tricks to help the sport grow. “Giving up on the sport isn’t going to help you in any way because we athletes have invested more than our time in this sport….., financially, mentally and physically”. Holding their heads high, the team reminds cyclists, artists, and people alike that “we
need to keep working,” in order to “create better opportunities for every other athlete and pave a path for the upcoming generation.” This is the only way we can introduce the sport as a profession in our country.
Fun Trivia: * Team VRz was founded by Bhavesh Yadav (Jai) and Abhishek Upadhyay in 2012. * The team comprises 4 MTB Freestyle athletes, 1 BMX Flatland
Athlete, and 3 members of the management team. * The group has a prominent following on all social media accounts like Instagram, Facebook, Linked In, and Twitter.
Ali Salsali, Sina Taryani, Taha Ghabeli, Javad Abedini Mesum Verma
Somayeh Farahani interview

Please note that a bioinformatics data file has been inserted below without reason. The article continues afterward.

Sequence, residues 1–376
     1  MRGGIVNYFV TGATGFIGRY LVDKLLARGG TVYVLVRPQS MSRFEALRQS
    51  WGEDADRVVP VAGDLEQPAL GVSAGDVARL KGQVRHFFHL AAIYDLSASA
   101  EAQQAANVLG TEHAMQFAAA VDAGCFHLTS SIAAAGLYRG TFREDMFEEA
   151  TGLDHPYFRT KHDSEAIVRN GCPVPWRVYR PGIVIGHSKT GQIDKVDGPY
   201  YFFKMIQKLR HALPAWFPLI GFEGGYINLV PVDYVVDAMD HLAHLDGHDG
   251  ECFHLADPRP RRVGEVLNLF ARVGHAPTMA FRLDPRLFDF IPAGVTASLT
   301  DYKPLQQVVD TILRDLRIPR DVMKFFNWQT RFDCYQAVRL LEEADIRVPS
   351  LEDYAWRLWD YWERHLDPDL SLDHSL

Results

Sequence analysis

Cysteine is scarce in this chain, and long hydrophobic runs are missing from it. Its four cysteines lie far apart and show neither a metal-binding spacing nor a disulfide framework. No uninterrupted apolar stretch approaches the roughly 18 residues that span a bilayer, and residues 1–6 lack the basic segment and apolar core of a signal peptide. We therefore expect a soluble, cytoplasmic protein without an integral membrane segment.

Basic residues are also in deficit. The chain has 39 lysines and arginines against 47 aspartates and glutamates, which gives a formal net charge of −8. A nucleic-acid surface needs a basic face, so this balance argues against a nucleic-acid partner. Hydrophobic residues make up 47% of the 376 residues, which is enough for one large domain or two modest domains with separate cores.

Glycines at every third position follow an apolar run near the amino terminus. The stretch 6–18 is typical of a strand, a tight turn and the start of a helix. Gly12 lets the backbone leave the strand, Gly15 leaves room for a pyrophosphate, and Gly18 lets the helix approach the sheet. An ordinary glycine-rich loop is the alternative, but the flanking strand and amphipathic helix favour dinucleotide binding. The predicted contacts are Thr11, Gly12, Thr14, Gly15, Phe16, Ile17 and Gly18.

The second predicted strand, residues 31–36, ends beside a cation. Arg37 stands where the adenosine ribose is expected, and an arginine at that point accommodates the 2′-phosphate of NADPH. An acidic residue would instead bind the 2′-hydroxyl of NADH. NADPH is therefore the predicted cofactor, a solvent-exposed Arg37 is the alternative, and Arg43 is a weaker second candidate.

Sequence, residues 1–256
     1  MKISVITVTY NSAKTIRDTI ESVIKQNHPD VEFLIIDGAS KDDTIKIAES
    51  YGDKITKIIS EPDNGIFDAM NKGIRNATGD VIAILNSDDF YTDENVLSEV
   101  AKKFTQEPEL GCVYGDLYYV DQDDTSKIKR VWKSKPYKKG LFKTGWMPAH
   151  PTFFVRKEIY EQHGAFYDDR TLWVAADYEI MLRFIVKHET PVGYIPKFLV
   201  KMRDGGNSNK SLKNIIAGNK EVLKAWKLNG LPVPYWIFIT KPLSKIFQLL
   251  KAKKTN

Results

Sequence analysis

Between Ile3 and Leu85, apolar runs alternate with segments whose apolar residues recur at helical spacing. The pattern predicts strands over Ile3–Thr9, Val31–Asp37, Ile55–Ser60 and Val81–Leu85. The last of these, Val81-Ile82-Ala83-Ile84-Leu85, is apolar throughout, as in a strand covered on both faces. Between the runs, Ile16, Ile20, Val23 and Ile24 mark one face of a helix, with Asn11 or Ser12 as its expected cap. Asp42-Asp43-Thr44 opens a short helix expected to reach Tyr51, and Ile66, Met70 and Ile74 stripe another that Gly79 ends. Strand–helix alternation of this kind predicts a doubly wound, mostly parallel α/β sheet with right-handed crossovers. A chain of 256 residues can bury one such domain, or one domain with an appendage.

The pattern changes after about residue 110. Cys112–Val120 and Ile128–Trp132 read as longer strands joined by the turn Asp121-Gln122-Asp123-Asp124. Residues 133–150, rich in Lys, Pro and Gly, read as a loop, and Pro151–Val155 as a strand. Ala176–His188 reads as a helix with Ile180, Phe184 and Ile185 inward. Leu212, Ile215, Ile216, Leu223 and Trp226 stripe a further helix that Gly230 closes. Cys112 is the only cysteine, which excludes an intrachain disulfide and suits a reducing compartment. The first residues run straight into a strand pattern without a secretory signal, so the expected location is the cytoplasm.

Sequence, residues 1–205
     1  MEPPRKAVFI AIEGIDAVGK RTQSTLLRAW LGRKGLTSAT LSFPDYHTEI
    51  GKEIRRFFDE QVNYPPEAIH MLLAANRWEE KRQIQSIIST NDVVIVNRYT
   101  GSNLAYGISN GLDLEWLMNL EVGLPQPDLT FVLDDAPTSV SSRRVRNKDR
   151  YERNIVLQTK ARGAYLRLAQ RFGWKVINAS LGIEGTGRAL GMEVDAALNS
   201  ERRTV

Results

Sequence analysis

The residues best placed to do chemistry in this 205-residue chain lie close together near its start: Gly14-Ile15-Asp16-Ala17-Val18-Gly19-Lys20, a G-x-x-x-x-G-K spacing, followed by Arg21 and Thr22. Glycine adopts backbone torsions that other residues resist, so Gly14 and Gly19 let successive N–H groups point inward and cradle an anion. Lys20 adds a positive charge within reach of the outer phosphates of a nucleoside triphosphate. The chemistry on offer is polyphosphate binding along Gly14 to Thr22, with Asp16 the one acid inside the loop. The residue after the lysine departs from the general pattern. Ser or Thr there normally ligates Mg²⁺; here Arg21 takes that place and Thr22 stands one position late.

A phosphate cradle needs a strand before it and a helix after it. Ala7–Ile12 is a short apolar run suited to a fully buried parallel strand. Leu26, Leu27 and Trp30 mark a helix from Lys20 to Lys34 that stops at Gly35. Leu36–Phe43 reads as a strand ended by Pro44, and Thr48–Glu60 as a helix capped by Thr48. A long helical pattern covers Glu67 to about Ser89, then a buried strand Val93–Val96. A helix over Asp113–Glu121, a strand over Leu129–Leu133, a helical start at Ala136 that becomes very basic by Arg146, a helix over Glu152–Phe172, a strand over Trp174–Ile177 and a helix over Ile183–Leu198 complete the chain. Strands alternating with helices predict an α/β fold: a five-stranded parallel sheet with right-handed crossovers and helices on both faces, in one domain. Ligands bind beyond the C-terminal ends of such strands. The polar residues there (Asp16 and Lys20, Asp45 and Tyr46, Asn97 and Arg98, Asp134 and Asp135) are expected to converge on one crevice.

Hi Somayeh, could you please introduce yourself a little? Where in Iran are you? What you are doing for a living? I am from Karaj, a city in Alborz province, and I was born in this city. As I mentioned before, my education was in the field of air conditioning and refrigeration systems and mechanical engineering. Before I started cycling, I worked in various companies. I was responsible for designing and controlling the maintenance system of flour mill equipment. I designed car parts. I also designed air conditioning and sales systems. I’ve published several articles on renewable energy, solar power systems, aerodynamic design for a new type of wind turbine.... I have also coached sports such as kung fu, swimming and bodybuilding in various gyms. At the moment, I do not have any activity in any field of work except sports, and I do full-time professional sports. My focus is on participating in competitions.